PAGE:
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Opinion: It's time to end police enforcement of social distancing • Brooklyn Paper

Opinion: It’s time to end police enforcement of social distancing

Police officers from the 63rd Precinct receiving instruction.
Photo by Todd Maisel

Mayor Bill de Blasio needs to end the policy of requiring our NYPD to enforce social distancing. 

Now more than ever, we need our cops to focus on the real criminals taking advantage of this pandemic, which is causing more havoc at the expense of innocent New Yorkers. For example, commercial burglaries were up 169 percent in April compared to last year. 

In addition, there has been a 55 percent increase in robberies in our subway system compared to last year, despite an over 90 percent decrease in ridership. Also, our subway has become a rolling hotel for the homeless, making it an even more nerve-racking experience. 

Despite the fact that there are already MTA rules prohibiting using the trains as a hotel, City Hall has thus far turned a blind eye to this out of control problem. Just last week, two homeless individuals were found dead. Mayor de Blasio should utilize the NYPD to address this issue, and ensure our essential workers feel safe getting to and from their important work rather than using them to oversee New Yorkers enjoying the sunshine and nice weather with their families and friends. 

As one veteran train operator, Yann Hicks, admitted, “I don’t really want to ride the trains anymore because I’m afraid to ride the train. The trains are overwhelmed with homeless, and you never know what’s going to happen.” I think most New Yorkers who must still use the subway today would agree. 

Police Benevolent Association President Patrick Lynch, who also just called for the end of social distancing enforcement by the NYPD, summed up the misplaced priorities of City Hall succinctly when he stated, “Meanwhile, those same politicians are still watering down our laws, releasing real criminals and discouraging proactive enforcement of fare evasion and quality of life issues. As a result, our subways are in chaos and we have hero nurses getting mugged on their way to our hospitals. As the weather heats up and the pandemic continues to unravel our social fabric, police officers should be allowed to focus more on our core public safety mission.” 

With the continued anti-police sentiment that has been fueled by our politicians, especially the mayor, do we really expect there not to be any confrontations when a cop attempts to enforce social distancing? Indeed, last weekend in the East Village when officers were following the mayor’s order to enforce social distancing, three people were charged with resisting arrest. One of them was also hit with assault of a police officer and menacing charges.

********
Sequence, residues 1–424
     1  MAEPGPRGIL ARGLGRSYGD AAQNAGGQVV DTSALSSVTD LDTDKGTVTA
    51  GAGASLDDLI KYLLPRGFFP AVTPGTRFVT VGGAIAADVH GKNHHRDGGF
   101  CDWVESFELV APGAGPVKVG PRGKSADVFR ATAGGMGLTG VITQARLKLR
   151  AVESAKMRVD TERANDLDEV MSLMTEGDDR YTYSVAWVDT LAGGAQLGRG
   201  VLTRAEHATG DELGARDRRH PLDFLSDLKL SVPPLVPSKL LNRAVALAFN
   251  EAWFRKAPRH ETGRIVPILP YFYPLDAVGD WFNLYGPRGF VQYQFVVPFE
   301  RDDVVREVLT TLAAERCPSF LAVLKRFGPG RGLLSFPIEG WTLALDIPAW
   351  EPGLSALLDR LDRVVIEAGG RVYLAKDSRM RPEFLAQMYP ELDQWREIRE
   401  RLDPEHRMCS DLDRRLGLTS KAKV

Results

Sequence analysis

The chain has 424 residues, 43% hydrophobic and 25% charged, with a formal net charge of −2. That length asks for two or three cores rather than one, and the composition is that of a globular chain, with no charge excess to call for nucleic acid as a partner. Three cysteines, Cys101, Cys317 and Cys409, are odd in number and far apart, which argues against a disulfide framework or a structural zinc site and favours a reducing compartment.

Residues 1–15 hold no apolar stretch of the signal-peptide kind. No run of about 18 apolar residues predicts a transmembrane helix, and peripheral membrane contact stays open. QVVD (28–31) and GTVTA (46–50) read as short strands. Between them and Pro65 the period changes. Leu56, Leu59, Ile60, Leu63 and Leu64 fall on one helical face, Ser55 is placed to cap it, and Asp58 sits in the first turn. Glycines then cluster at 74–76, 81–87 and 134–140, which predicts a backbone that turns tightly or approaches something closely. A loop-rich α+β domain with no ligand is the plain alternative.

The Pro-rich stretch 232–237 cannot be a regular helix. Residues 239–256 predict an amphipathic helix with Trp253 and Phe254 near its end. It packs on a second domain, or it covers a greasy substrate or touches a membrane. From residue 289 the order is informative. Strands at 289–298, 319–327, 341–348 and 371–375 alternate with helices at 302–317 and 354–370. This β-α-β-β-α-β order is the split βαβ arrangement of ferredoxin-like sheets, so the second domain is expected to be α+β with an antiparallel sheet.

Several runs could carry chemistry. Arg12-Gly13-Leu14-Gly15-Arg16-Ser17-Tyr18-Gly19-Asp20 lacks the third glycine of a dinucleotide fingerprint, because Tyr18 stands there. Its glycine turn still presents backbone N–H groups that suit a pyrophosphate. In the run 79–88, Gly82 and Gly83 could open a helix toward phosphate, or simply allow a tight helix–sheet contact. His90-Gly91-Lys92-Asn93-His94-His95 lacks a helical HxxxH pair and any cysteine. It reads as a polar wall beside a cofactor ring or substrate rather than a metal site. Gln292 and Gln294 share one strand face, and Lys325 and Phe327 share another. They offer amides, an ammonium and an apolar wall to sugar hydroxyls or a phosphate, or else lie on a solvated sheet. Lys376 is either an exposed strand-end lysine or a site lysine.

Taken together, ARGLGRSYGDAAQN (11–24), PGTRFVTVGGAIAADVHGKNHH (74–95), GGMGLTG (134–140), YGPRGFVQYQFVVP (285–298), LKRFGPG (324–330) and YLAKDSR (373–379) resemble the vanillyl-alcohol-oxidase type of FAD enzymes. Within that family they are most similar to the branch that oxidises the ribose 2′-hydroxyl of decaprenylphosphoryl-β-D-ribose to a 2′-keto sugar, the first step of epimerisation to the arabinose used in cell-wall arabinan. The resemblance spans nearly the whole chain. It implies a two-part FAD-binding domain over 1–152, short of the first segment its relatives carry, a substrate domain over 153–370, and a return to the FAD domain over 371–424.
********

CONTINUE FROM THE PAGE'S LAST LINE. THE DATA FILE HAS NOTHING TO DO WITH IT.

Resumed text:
Continuing this practice is asking for even more confrontations, and we know that when things get heated the mayor will turn his back on our cops. 

Adding more issues to social distancing enforcement by the NYPD, there have been mixed messages on this and the wearing of masks. A recent tweet from the NYPD showed an officer handing a mask to someone strolling on a crowded pathway. As Councilman Joe Borelli (R-Staten Island) accurately tweeted, “We can’t go on where it’s literally a ‘No mask? No problem’ tweet and you’re handed a free one, but two miles away you’re given a court summons. Can’t be ‘open streets for fresh air’ but ‘there’s too many people out.’”

Once again, Borelli proves to be almost a sole voice of sanity and common sense at City Hall.

If the mayor wants to enforce social distancing, he should consider using his bloated City Hall staff of “senior aides” and “special assistants,” or traffic agents since they have more time on their hands with alternate side of the street parking suspended. But, for the sake of our essential workers and law abiding New Yorkers, let cops be cops.

Bob Capano has worked for Brooklyn Republican & Democrat elected officials. He has been an adjunct political science professor for over 15 years. Follow him on Twitter @BobCapano.

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